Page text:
My Pug Has Pleural Effusion (Fluid In chest) and – Here’s What It’s Like

pug with fluid in lungs

We are less than 3 weeks away from having had our pugs for 7 years now. 7 years ago, we were told Beans was 9, so she’s about 16 now.

Since we got her, she’s always coughed occasionally. However, a few years ago it became frequent. We took her to the vet, they listened to her cough and listened to her chest, and diagnosed her with collapsing trachea. I’ve written a bit about that in these blog posts if you’d like to check those out:

Trachea collapse in pugs

Trachea collapse and incontinence in pugs

Dog coughing and gagging senior pug 

We basically hit a dead-end with trying to find a cough suppressant that worked well for Beans. She doesn’t seem to have pain from the coughing, so we were just letting it be. However, one morning in April we woke up and her cough sounded a lot ‘deeper’ than her normal cough. Almost like her ‘voice’ had changed, literally overnight. Of course, we called for a vet appointment.

pug with Pleural Effusion or pulmonary edema

Because of COVID-19, we weren’t able to go into the vet’s office. They had us stay in the parking lot while someone came out to get Beans, took her in, and then called us to do the appointment over the phone. She said that her cough didn’t concern her that much, but she could hear a wheeze which did concern her, because wheezing is NOT a typical symptom with collapsing trachea, while coughing is. She thought Beans was pretty nervous, but she was panting so hard that her tongue was losing a bit of its color, going a bit gray/blue instead of staying pink…so she was worried about her oxygen level. She said she could her fluid in her chest from a stethoscope, so she typically would like to do a chest x-ray to check on her heart and lungs, but that would require getting Beans to stay in a certain position, which would likely stress her out more, and she didn’t want to stress her out any further when she was already losing color from not breathing well enough. So she explained that fluid in the lungs could be pneumonia, or it could be fluid gathering in the lungs for another reason, and one of the ‘worst’ ones would be some sort of mass or tumor in the chest cavity. She explained that while she couldn’t know what was really going on, that it was safe enough to just treat Beans as if she had pneumonia and if that ‘cures’ the problem, then it likely was just pneumonia, but if not, then she’d like us to try to come back in once we we could come in with her, so she would hopefully be a bit calmer, and then would get a chest x-ray. She also gave us a diuretic medication which she explained would help remove the fluid from Beans lungs, but would likely make her pee a ton.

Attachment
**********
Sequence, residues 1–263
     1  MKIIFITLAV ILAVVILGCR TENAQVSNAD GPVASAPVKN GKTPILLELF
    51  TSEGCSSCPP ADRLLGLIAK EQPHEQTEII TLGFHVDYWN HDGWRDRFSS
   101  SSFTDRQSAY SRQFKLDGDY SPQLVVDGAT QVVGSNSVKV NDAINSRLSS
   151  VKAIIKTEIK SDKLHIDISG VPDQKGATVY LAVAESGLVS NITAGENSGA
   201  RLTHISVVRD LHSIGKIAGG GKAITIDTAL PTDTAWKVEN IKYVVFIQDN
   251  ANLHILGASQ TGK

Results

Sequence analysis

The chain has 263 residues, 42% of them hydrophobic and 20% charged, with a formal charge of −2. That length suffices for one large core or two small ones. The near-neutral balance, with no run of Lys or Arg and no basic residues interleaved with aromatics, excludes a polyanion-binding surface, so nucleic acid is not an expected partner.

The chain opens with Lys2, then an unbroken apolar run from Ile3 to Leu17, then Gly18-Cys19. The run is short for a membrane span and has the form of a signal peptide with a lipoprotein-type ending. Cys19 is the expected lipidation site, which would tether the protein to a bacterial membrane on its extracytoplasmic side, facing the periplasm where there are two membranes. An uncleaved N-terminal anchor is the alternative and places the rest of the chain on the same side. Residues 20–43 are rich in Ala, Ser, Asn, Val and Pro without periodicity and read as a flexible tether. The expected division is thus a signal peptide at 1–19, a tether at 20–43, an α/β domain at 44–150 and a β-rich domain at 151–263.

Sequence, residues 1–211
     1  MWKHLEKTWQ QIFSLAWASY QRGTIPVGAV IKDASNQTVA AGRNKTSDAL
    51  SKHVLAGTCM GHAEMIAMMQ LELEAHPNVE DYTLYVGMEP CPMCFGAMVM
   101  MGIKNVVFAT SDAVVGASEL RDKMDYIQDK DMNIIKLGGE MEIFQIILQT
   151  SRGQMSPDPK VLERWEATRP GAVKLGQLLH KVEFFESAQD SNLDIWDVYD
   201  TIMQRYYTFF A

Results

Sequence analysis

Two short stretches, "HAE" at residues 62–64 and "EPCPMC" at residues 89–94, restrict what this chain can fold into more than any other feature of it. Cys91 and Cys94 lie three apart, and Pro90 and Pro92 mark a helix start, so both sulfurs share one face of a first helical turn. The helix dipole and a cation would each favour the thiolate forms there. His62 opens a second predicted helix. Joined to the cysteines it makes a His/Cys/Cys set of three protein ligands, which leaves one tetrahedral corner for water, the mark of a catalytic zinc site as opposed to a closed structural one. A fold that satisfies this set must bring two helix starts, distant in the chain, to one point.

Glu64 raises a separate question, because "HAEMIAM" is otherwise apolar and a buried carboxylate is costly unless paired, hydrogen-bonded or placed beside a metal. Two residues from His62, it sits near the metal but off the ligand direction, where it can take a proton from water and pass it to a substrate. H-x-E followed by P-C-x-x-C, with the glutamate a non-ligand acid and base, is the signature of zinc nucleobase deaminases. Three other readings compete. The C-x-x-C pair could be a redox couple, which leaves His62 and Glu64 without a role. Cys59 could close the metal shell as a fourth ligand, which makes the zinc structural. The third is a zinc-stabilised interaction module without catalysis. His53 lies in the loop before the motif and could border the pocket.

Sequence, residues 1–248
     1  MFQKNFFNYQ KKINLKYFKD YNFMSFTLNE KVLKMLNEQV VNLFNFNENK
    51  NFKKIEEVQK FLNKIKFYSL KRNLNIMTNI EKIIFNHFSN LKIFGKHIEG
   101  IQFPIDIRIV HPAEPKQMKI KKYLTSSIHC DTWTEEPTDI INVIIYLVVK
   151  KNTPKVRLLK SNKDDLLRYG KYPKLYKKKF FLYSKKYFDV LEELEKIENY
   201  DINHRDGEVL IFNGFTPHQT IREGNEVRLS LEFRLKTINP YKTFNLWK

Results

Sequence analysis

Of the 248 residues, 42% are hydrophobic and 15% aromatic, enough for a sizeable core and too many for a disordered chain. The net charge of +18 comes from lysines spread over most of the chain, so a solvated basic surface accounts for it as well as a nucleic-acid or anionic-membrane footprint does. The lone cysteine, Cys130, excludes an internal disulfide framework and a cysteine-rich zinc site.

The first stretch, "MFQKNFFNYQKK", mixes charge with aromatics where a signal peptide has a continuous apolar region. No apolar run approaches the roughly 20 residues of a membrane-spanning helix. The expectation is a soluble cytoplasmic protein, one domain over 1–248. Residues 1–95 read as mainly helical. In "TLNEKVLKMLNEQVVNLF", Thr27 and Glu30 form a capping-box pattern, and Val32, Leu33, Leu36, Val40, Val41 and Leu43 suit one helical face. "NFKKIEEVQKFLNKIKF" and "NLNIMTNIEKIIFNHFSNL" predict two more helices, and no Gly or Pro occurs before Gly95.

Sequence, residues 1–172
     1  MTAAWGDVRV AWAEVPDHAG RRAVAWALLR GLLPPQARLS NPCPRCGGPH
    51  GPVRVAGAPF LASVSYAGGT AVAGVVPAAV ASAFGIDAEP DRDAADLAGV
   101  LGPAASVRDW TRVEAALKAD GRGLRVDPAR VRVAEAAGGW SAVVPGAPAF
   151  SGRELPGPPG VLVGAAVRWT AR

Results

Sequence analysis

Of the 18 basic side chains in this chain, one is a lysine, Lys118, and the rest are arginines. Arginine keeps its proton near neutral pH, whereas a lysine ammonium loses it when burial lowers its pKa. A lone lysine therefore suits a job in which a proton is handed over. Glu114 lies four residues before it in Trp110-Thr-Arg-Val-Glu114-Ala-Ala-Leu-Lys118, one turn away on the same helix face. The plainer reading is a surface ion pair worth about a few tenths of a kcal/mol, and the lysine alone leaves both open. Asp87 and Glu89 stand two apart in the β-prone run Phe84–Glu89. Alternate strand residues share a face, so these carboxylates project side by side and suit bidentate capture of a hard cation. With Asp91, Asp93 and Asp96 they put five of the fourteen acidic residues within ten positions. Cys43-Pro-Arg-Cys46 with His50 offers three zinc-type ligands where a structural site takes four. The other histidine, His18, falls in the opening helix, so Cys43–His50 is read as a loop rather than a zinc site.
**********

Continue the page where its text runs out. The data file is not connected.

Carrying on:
my senior pug has pleural effusion, meaning fluid in her lungs and inflammation in her chest. Here's what it's like.